hindwings, and quick, elusive flight (Fig. 7 and 8). The hindwings
have a transparent outer margin bordering the large black disk that
widens greatly at the apex and is marked by several large fuscous
spots (Fig. 9). The tegmina or forewings are pale tan with many
large brown spots. The median pronotal crest is notably high and
deeply incised once. The inner side of the hind femur is yellow
with two large dark markings near the middle. The hind tibia is
distinctively golden. Wingspans of males range from 2 1/2 to 3 3/8
inches, and females 3 1/4 to 4 inches.
The nymphs are identifiable by their color, shape, and external
structures (Fig. 1-6).
1 . Head with face nearly vertical; antennae filiform, majority
of segments pale tan, terminal segments dark; lateral foveolae small
and triangular; compound eyes tan or brown with light spots; usually
narrow light band on side of head behind the compound eye.
2. Pronotum with median carina strongly elevated and incised once.
3. Hind femur with medial area tan and often with three transverse
diagonal dark bars, inner medial area tan with two or three black
transverse bars; hind tibia of instars I and II black with pale
yellow annulus located proximally, instar III black and tan or entirely
golden, instar IV, V, and VI golden.
4. General body color tan with brown round spots; venter generally
immaculate cream to yellow.
The high pronotal crest and tan, heavily spotted body are diagnostic
features of the younger nymphs. The golden hind tibia and high pronotal
crest are diagnostic features of the older nymphs.
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The High Plains grasshopper is an intermediate-hatching species;
the first instars appear two to three weeks after Aulocara elliotti
nymphs. In 1939 the first hatch occurred May 2 in Colorado. Because
of an unusually warm spell in the spring of 1939 in eastern New
Mexico and the Texas Panhandle, hatching began two to three weeks
earlier than normal on April 21. In 1997 in Colorado's Bent and
Otero counties, hatching was calculated to have begun on May 14.
The hatching period usually lasts from 11 to 18 days but may be
extended to 30 days by spells of cold weather. In egg beds with
southern exposures, the hatch is sooner and faster than in those
with northern exposures.
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Nymphs develop in late spring when temperatures are warm and grasses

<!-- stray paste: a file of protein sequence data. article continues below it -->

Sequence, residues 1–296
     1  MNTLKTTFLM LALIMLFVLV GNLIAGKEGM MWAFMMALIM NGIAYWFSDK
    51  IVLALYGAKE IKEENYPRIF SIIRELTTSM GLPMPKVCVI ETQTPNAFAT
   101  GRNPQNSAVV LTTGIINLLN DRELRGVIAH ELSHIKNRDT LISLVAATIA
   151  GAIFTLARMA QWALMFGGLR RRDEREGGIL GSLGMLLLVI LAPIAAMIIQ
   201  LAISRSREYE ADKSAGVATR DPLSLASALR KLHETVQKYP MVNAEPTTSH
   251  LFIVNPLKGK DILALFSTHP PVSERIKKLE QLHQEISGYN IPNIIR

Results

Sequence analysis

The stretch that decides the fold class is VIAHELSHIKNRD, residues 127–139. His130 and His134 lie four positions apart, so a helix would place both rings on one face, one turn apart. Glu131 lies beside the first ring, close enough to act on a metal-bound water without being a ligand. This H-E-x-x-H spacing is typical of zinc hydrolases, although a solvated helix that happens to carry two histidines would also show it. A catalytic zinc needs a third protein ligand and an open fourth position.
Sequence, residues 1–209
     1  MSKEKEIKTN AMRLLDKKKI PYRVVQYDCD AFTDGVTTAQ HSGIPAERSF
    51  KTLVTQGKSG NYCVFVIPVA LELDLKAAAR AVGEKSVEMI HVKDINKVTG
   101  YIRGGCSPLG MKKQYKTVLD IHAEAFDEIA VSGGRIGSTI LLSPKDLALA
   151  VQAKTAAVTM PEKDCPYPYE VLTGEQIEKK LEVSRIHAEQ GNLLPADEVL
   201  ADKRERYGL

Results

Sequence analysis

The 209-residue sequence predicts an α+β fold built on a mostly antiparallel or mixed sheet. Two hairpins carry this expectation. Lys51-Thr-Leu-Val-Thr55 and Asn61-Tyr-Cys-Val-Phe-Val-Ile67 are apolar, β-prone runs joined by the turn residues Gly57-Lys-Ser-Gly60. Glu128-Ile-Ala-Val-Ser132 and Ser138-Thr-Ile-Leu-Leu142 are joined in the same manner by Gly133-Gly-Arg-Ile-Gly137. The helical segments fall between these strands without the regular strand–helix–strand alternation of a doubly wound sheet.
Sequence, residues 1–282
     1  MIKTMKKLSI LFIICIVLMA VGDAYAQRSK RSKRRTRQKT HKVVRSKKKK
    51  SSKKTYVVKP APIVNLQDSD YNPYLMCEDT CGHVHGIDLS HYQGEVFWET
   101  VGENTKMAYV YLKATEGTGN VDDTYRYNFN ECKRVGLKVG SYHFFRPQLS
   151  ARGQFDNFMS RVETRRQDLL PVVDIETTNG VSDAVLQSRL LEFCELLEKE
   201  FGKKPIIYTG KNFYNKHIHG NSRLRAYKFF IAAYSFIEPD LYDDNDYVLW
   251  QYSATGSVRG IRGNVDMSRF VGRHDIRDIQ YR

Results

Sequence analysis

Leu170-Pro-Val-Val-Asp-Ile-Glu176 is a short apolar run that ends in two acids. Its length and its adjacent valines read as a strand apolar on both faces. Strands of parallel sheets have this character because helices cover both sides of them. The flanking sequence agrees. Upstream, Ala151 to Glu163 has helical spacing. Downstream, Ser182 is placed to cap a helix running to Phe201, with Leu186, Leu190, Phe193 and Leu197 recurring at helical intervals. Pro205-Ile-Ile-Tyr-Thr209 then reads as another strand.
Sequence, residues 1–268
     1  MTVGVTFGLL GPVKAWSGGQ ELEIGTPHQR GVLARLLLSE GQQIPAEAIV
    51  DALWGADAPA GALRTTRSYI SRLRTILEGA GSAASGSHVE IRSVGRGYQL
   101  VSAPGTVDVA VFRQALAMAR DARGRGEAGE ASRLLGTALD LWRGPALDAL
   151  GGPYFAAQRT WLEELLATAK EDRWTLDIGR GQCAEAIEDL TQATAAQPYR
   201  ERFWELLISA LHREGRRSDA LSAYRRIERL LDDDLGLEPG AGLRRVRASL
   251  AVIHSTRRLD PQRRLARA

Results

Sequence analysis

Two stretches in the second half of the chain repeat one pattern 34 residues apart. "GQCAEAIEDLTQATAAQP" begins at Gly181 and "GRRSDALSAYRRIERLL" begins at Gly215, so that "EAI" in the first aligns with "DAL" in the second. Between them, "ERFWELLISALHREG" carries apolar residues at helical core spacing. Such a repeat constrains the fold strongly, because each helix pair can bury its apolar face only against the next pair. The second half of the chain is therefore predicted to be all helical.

young and green. In 1939, based on the dates of first appearance
of nymphs and first adults, the developmental period lasted 44 to
45 days in Colorado, New Mexico, and the Texas Panhandle. In New
Mexico and Texas the majority of nymphs had five instars, while
in Colorado they had six.
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The first adults of the High Plains grasshopper appear in June.
In 1939 they were discovered June 5 in New Mexico and Texas and
June 15 in Colorado. In 1997 the first adults appeared in Bent and
Otero Counties, Colorado on June 25. Maturation of the females is
lengthy, as they require six to seven weeks before laying their
first clutch of eggs. In 1939 this occurred July 17 in New Mexico
and August 1 in Colorado. Male courtship of females appears to be
brief. Only two observations of this behavior were made in nature.
On 1 August 1997 at 8:35 a.m. DST, a male was discovered walking
on bare ground. He approached within a few inches of a basking female
and began to signal with his hindlegs. The female raised her hindlegs
to reject him, but he persisted in the approach, still signaling.
Within an inch of her, he jumped suddenly and mounted. The female
knocked him off and walked 3 feet away. Caged males have been seen
to signal the females by femur-tipping and vibratory stridulation
followed by sudden leaps onto the females that sometimes end in
a successful mating.
Observations made in 1939 revealed that most egg deposition occurred
between 9 and 12 a.m. when air temperatures ranged from 80° to 90°
F. At the beginning of this period they made shallow holes without
depositing eggs. Later on, they selected bare ground around the
edges of grass plants and dug holes into the soil depositing large
clutches of eggs nearly 2 inches deep. Several males usually attended
the ovipositing female. In a laboratory cage a female took 1 hour
and 5 minutes from the start of drilling to withdrawal of the ovipositor.
Afterward she used her hind tarsi for 1 minute to cover the aperture
with soil particles and debris. In nature, a male mounts the female
immediately after oviposition and mates successfully.
Egg beds occurred in various soil types, but during the 1934-40
outbreak the greatest number were found in sandy loam soil. The